I’ve said it before and I’ll say it again: Bernie Sanders and Donald Trump are imperfect messengers for populist frustration. Neither has a clue how to pay for what they’re proposing. That gives the media the excuse they need to write what they already were thinking: only centrists can save us, only compromises between Democrats and Republicans can move the country forward. The reporters are lucky that way. America in 2016 has demonstrated it’s fully ready for a populist who is less partisan and has real budget ideas, in the Huey Long mold, but until that happens the media can cling to these parties and the access that they grant.
Leaders matter. If we didn’t know that before, we see more evidence of it today. Despite that, you have people like David Remnick asking why these populist insurgencies didn’t happen in 2012, when the economy was just as dire, when Tea Party- and Occupy-inflected rage was just as potent. Message to David and others: you may have missed this, but in 2012 neither party was running a candidate who vilified both parties. You’ll be happy to hear that the media still has some power: because you guys utterly ignore the Libertarian Party and the Peace and Freedom Party and the American Independent Party and every other minor party, most Americans don’t consider their candidates viable. However, given the level of exposure you do give to major-party candidates, when you give anyone a microphone to say “those two parties have failed us for 16 years” – surprise! Americans have proved quite open to that message.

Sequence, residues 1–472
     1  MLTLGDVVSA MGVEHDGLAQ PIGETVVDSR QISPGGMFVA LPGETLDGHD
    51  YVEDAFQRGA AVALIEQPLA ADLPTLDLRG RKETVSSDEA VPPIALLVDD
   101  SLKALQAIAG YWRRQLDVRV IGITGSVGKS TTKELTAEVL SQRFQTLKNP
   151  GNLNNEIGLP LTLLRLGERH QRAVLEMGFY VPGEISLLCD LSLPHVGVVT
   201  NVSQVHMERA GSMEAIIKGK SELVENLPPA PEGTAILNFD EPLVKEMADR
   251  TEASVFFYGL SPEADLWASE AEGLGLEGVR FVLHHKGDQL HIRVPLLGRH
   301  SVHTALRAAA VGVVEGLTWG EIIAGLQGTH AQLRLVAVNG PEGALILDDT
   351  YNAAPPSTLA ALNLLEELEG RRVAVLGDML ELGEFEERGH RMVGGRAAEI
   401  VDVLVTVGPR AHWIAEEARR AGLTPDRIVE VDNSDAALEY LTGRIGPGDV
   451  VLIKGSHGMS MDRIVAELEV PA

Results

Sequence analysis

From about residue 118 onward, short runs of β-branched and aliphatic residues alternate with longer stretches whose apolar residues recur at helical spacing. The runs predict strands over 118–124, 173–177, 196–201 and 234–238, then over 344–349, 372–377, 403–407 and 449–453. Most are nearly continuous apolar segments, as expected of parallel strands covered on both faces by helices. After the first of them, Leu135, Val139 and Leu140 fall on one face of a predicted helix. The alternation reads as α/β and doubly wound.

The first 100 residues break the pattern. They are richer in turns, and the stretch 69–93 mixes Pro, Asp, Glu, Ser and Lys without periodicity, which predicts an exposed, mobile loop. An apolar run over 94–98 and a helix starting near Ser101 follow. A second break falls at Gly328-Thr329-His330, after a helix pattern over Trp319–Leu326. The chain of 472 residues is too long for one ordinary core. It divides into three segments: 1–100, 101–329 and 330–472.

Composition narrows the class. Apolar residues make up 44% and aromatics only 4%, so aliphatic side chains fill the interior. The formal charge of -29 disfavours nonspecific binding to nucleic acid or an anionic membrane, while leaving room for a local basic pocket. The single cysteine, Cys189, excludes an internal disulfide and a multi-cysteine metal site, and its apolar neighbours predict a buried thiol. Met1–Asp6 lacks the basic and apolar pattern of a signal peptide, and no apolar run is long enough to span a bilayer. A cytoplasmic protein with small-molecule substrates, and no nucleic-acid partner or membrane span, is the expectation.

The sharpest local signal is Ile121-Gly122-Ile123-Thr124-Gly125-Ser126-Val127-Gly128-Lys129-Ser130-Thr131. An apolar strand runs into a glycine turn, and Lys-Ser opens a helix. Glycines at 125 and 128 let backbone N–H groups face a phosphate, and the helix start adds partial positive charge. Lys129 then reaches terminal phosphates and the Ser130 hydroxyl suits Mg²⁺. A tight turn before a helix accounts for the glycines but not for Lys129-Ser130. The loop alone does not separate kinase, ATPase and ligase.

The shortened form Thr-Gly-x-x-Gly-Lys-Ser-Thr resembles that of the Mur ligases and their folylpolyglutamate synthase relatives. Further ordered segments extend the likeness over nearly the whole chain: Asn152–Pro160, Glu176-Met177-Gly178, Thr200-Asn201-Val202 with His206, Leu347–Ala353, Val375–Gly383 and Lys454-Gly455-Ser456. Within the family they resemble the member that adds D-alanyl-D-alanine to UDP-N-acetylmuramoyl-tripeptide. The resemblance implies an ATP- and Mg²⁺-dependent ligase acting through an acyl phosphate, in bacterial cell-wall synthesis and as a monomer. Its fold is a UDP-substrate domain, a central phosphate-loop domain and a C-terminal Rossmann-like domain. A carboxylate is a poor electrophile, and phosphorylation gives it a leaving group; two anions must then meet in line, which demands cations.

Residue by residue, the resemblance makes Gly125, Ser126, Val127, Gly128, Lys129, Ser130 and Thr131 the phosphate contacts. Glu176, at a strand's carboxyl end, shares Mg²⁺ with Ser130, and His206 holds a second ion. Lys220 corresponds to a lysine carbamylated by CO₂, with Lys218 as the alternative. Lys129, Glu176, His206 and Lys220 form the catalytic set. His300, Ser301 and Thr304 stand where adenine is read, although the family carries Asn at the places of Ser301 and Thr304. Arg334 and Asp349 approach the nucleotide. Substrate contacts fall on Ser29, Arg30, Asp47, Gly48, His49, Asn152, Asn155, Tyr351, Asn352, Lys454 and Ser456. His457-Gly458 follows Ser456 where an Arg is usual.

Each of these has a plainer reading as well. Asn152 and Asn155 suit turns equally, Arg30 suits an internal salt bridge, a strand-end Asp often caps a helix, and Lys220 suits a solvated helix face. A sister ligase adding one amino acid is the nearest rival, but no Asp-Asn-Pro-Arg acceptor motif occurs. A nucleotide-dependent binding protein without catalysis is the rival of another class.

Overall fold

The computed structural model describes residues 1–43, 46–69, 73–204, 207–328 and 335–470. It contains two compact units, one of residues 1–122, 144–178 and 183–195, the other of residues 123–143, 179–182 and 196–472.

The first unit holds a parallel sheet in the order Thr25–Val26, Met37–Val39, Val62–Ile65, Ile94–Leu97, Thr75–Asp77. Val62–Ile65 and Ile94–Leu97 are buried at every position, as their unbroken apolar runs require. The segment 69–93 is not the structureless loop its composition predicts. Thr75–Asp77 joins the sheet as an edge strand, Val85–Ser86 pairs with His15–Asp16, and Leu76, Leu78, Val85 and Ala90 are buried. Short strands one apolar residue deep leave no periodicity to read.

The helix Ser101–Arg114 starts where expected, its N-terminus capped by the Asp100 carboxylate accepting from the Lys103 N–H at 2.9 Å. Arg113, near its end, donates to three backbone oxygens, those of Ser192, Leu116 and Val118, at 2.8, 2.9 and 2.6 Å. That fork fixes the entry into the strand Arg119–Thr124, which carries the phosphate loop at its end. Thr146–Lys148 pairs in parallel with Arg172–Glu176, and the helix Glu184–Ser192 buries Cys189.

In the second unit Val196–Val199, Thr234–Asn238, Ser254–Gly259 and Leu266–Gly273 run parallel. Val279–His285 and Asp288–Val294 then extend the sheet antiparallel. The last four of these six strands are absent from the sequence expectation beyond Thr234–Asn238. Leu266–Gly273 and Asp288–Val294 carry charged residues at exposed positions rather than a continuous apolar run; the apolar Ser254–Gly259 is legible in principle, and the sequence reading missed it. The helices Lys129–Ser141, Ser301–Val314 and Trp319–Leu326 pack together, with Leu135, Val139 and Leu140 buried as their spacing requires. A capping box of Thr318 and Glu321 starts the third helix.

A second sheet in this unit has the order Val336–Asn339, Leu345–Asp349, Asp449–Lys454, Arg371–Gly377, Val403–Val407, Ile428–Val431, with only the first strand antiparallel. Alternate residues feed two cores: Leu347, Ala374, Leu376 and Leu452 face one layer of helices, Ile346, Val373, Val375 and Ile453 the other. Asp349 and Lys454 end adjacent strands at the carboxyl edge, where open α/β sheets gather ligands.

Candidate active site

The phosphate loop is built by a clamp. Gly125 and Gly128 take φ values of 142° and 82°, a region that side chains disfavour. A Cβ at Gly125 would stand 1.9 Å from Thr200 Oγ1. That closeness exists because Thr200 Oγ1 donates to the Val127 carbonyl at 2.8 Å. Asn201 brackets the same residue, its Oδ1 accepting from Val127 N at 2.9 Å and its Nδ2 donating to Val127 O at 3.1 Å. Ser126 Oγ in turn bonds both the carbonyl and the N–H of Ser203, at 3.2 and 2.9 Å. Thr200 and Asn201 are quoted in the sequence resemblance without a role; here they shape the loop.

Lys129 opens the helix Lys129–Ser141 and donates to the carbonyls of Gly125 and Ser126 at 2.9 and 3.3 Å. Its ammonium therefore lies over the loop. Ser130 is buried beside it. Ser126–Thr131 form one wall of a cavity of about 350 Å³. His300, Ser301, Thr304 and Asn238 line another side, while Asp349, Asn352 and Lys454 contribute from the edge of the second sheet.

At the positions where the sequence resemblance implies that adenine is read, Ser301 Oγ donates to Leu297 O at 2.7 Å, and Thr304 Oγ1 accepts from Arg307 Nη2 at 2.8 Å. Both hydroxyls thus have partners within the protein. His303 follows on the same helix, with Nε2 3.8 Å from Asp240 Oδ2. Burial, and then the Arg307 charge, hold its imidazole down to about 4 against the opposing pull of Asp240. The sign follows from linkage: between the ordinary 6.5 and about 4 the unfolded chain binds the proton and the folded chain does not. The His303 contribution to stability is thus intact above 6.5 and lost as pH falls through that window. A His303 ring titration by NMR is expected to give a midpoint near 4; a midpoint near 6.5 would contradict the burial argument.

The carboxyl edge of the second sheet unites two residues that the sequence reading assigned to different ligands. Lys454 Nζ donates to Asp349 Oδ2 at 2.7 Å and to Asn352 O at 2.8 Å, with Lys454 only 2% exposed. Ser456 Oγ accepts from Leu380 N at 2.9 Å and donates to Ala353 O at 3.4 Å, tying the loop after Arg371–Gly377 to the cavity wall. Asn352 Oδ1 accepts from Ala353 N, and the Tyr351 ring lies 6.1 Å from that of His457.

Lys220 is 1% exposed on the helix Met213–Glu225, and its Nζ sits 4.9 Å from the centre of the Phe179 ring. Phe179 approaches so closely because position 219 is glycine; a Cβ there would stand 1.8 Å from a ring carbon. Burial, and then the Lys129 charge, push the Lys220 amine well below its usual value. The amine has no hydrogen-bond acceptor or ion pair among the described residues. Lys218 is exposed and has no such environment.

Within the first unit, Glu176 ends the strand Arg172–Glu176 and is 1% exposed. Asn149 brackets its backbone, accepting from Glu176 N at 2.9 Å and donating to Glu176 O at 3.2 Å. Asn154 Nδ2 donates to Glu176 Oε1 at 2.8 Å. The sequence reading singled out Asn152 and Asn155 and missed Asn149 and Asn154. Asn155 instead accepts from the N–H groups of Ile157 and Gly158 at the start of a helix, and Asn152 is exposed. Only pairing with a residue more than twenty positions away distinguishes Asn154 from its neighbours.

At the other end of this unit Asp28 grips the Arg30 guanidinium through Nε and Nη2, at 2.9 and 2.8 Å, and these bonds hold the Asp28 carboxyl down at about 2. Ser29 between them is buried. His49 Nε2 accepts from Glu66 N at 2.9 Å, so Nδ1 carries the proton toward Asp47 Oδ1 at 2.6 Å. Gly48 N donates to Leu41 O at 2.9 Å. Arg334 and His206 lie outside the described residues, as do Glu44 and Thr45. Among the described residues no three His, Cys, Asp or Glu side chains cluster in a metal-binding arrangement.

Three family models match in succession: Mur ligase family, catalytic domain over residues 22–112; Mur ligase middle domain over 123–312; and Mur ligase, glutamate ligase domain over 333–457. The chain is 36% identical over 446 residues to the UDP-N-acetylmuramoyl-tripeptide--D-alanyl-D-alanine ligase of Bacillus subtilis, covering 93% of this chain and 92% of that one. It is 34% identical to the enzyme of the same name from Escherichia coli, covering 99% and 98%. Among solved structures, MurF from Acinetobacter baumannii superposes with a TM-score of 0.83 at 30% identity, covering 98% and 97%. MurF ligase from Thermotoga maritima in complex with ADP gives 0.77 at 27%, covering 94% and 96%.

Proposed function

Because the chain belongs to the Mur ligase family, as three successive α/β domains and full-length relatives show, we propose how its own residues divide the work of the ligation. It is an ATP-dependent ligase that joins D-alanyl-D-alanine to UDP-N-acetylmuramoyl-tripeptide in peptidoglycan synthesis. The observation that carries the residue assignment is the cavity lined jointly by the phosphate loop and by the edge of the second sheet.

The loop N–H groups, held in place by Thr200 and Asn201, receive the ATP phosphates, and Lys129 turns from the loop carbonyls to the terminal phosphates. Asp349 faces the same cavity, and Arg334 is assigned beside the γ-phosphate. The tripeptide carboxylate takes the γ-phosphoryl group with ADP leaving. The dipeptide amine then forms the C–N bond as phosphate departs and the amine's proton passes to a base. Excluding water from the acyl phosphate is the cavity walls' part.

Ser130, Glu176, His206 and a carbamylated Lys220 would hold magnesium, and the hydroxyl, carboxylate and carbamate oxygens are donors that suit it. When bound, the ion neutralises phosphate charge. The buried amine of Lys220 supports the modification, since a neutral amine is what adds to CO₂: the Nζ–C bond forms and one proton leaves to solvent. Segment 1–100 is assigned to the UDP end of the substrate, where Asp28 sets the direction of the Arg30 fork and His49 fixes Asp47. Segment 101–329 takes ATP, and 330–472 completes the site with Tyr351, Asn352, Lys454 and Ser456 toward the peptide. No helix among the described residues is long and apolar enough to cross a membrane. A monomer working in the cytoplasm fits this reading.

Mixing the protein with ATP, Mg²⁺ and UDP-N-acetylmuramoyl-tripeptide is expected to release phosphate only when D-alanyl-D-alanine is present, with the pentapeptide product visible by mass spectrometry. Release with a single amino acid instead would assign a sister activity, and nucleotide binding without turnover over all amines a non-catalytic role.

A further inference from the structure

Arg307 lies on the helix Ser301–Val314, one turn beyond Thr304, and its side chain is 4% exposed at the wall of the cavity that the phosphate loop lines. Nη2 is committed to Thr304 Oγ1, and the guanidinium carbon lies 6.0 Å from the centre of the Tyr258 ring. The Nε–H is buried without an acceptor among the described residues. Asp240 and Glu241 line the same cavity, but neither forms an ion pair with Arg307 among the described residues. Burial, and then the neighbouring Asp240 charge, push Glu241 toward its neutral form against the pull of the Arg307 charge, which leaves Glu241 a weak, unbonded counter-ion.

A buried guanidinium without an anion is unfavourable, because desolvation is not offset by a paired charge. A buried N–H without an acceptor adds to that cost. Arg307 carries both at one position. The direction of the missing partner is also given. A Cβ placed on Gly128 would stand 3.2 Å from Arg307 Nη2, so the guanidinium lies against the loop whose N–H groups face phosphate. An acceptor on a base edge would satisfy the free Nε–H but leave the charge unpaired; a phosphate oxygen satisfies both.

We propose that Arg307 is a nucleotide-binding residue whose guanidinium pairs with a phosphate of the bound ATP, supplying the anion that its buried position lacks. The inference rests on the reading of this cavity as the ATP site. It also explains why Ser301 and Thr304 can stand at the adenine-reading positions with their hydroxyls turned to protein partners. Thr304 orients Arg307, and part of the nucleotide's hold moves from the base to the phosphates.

Because the national media still has power, and because it has been so bad at understanding ordinary Americans, we’re caught in a very unfortunate negative feedback loop between the antiestablishment Trump/Sanders (T/S), the mainstream media (MM), and ordinary people (OP) who have, through no fault of their own, lost jobs to outsourcing or robots. The loop goes something like this:
- T/S says something that the MM considers “bad politics” while remaining on side of OP
- MM predicts worse poll numbers for T/S
- T/S poll numbers rise
- MM have no problem keeping their jobs
- OP wonder if anyone from obviously job-secure MM can really understand them, appreciate T/S more
- Cycle begins again
All that said, yes, Hillary Clinton will probably face off against Donald Trump, and Clinton will probably become President. Well, she’s lucky she’s not running to be the second female President. The minute she’s no longer running against Sanders, most of her billion dollars will go toward telling you how bad the Republican guy is. She’ll have learned nothing about how sick Americans are of partisanship, because the papers she and her aides are reading aren’t discussing it.
Wait a minute, how can I say Hillary’s going to win when she’s the epitome of the Wall-Street establishment and I just said Americans are against that? Well, many, many Americans are. But society is more complex than that. People have also shown that they will sometimes split the difference or choose from the best of bad options, as with “Batman v. Superman” earning $300 million at the domestic box office the other day.
I can’t help but remember when the Joker told Batman (in the first scene to come up on youtube when you type “great acting”) “I don’t want to kill you! What would I do without you? You complete me.” There’s a lesson there for Democrats who consider themselves dark knights. By November, the jokers may be vanquished. But at that point, will people still need caped crusaders?